In “The Young Housewife,” the Don Draper type of a man is observing the woman not only outside but also inside her house. The fact that the narrator knows what is happening “behind / the wooden walls” allows presuming that the man has been in the house before at the time in question (Williams 2-3). The young housewife’s detachment from her home testifies that she is disappointed or dissatisfied with her family life. Thus, Williams suggests the idea that the woman may be having an affair. The way she dresses adds to the impression since normally, a married female does not walk around in clothes that let others see her naked body from under the transparent parts of a negligee. As Driscoll notes, Williams communicates a strong sympathy toward the woman (144). However, this sympathy is complicated through the “erotic lens” through which the author encourages the reader to view the female (Driscoll 144).
Williams himself treated “The Young Housewife” as a straightforward tribute to the young lady, stating that seeing “a beautiful woman” is the reason to create poetry (qt. in Driscoll 144). However, several decades later, a cardinally different interpretation was suggested by Perloff. The critic argued that comparing the housewife to a fallen leaf represented the “fantasy of violent possession” on the part of the narrator (Perloff 847). Perloff exemplifies the mentioned fantasy by the narrator’s “rush[ing]” over the leaves (Williams 11). Thus, it appears that subjugating the leaves, them being compared to the housewife, presupposes the subjugation of the woman herself. Driscoll argues that “The Young Housewife” is the celebration of “the privilege and power of the male gaze” (145). The advantage of “effacement” enables the man to see the woman while she cannot observe him (Driscoll 145). The “god-like penetrating vision” gives the narrator the possibility to see the woman even when she is not physically visible (Driscoll 145). Thus, the author depicts the concept of voyeur by empowering the narrator to see the young housewife both inside and outside the house, along with perceiving her thoughts and feelings.
Metaphor and Metonymy in the Poem
Considering the stylistic devices employed by Williams enhances the understanding of the poem’s imagery. Driscoll views “the wooden walls of her husband’s house” as a metonymy of “the domestic limits” of the young woman’s existence (145). Indeed, the female seems to be depressed by her recent marriage and is thus inclined to seek attention from other men, be it a salesperson or a random (or even not random) driver passing by in his car. The metaphorization of the poem is reflected through a striking division between the woman and the man watching her.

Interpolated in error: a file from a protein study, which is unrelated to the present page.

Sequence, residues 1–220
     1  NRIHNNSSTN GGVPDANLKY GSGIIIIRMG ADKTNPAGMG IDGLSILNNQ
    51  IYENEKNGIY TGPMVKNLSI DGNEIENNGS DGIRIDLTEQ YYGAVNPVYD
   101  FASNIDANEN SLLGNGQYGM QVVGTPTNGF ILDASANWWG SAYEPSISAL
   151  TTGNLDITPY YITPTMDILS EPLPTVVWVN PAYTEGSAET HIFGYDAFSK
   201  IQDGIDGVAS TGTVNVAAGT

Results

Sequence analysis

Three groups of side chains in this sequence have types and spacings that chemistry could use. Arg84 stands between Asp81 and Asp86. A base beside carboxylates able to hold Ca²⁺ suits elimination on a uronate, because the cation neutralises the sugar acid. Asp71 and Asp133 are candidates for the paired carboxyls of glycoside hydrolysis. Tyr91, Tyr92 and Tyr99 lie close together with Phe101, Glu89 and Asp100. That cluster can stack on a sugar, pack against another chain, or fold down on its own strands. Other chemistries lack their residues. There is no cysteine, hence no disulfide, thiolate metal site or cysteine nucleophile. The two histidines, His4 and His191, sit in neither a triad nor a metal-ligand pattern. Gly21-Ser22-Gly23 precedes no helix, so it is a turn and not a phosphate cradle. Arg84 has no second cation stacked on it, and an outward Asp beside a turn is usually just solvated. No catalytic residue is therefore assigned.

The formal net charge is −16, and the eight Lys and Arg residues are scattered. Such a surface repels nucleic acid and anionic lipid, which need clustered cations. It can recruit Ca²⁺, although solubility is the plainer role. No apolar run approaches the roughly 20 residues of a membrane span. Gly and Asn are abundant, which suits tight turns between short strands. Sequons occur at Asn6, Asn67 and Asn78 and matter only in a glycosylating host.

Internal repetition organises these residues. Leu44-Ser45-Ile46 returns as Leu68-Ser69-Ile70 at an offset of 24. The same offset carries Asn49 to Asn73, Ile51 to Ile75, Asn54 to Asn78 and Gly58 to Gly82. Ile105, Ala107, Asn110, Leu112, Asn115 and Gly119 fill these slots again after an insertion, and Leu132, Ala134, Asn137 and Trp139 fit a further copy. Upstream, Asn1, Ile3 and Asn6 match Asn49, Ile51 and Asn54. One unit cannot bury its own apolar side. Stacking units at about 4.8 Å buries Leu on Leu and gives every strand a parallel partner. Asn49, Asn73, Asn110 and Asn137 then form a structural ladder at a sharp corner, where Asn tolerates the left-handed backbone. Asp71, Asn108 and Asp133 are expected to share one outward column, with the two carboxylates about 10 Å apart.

The narrator operates a “mechanical” sort of power (Kinnahan 64). While the housewife remains in the house or close to it, her observer has the ability to move and view the situation from different angles. When the man “rush[es] with a cracking sound” over the leaves in the street, he metaphorically emphasizes that he has the power to conquer the woman (Williams 11). As Kinnahan remarks, this claim of mastery is the metaphor of “a form of destruction” rather than the treatment of the housewife as a “fallen” creature (65). Thus, unlike Driscoll, Kinnahan considers this part of the poem not as the issue of subjugation but rather as the possibility of subjugation whenever the man decides he feels like it.
The concept of image in William Carlos Williams’s “The Young Housewife” is employed to represent the features not pronounced in words but implied by the author. Various critics interpret the author’s images differently, but one issue is evident: Williams’s richness of expression is by no means overshadowed by the brevity of the poem. The young woman, who is the main character in the analyzed poem, is perceived as a defenseless creature who has failed to find satisfaction or happiness in her marriage. The narrator is a keen observer of the lady’s life or even a participant in it. By employing such devices as metonymy and metaphor, Williams manages to present the issue of voyeur not in an entirely negative and brutal manner but, rather, in a way which invokes sympathy and eroticism.
Crawford, T. Hugh. “Williams, Science, and the Body.” In The Cambridge Companion to William Carlos Williams, edited by Christopher John MacGowan, Cambridge University Press, 2016, pp. 176-187. 180.
Driscoll, Kelly. “Williams and Women.” In The Cambridge Companion to William Carlos Williams, edited by Christopher John MacGowan, Cambridge University Press, 2016, pp. 143-160. 144-145.
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Kinnahan, Linda A. Poetics of the Feminine: Authority and Literary Tradition in William Carlos Williams, Mina Loy, Denise Levertov, and Kathleen Fraser. Cambridge University Press, 1994. 64.
Miller, Stephen Paul. “The Abstract Expressionist Housewife: Fracture, Transposition, Williams and the Three Phases of Modernism.” William Carlos Williams Review, vol. 32, no. 1-2, 2015, pp. 159-196.
Perloff, Marjorie. “The Man Who Loved Women: The Medical Fictions of William Carlos Williams.” The Georgia Review, vol. 34, no. 4, 1980, pp. 840-853.
Renieblas, Susana Sánchez. “Women at Home and Women in the Workplace in Matthew Weiner’s Mad Men.” Investigaciones Feministas, vol. 3, 2012, pp. 33-42.
Williams, William Carlos. “The Young Housewife.” N.d., Web.